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The American imperialism of the 1890s was in some ways similar to earlier expansionism, but was also different in important ways.
The major similarity between the two is that both were motivated in part by a desire to gain economic and political power. The US was, in both cases, trying to become richer and more powerful as a nation.
The major difference is seen in the idea of the "White Man's Burden." In the earlier expansion, there was no idea of civilizing the people whose lands were being taken. The Indians were to be pushed aside, not civilized. The Americans' superiority gave them the right to take the land but did not impose any special responsibilities on them.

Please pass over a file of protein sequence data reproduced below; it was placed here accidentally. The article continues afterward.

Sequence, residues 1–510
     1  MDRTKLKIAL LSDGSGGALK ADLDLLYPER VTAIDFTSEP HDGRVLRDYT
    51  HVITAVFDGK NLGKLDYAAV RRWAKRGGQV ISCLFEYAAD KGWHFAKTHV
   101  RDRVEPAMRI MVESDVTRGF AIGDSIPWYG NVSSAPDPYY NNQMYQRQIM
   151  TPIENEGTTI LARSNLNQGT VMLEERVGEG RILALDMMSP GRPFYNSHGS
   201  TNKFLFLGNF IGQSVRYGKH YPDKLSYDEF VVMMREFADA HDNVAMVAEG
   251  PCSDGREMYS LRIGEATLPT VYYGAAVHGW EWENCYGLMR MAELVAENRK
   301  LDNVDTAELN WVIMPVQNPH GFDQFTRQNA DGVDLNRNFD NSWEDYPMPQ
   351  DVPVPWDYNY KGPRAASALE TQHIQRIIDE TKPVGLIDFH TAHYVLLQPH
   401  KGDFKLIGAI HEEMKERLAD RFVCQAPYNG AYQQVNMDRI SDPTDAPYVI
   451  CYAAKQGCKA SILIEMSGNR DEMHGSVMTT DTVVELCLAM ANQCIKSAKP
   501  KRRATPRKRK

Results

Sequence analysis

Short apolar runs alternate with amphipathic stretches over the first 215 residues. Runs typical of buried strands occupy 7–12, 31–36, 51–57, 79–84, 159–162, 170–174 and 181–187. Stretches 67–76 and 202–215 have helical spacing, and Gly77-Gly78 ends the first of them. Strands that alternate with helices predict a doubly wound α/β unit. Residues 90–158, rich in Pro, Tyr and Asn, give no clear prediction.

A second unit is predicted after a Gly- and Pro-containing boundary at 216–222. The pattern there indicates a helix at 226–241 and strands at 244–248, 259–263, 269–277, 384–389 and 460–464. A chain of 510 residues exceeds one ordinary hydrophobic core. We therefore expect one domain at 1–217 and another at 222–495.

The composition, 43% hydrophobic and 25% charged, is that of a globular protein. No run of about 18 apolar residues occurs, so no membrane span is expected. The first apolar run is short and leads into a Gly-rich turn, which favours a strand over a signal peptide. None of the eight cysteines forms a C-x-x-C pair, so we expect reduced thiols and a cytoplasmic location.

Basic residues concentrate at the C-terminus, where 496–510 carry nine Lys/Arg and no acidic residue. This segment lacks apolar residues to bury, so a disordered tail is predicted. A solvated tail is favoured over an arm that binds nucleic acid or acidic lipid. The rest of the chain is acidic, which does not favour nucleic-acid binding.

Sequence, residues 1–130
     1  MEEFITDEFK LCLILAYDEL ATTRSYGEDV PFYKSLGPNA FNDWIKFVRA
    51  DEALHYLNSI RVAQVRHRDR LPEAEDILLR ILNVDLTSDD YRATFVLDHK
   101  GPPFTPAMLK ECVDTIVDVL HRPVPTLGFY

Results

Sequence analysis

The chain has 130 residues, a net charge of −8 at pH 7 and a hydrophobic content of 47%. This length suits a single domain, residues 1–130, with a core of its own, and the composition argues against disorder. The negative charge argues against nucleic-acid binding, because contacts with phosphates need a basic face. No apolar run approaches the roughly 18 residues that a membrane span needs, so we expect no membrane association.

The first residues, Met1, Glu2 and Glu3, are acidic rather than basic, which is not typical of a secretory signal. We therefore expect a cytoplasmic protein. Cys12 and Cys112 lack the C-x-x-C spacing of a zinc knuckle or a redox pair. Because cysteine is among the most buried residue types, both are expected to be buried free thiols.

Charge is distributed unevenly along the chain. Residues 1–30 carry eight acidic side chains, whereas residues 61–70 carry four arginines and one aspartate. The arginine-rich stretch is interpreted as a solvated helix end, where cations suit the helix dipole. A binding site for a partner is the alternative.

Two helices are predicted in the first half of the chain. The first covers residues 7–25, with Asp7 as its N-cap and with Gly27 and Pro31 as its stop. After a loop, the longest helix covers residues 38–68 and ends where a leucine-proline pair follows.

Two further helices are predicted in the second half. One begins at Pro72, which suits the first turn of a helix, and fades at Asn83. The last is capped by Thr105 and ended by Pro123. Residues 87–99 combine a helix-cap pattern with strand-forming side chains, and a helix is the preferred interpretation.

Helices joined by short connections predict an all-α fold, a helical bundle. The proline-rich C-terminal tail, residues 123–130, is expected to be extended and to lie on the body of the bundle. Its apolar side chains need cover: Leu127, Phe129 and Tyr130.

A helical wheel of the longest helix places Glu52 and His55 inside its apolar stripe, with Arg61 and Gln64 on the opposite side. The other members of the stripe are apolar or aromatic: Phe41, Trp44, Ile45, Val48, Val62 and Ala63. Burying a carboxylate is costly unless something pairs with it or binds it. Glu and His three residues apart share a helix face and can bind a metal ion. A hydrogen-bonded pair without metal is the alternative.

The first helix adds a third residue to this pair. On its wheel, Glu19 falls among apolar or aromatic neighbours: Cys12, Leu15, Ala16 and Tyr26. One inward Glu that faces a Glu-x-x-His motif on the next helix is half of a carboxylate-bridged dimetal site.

By contrast, the expansion of the 1890s was in part based on (or at least justified by) the idea that the US would be helping the people whose lands it took. For example, the US argued that it would help bring civilization to the Filipinos and that this made it acceptable to deny them their independence.
Both phases of expansion were clearly motivated by a desire for power, but the later phase was also, at least to some degree, motivated by a desire to "civilize" the "backwards" people of the places the US took.
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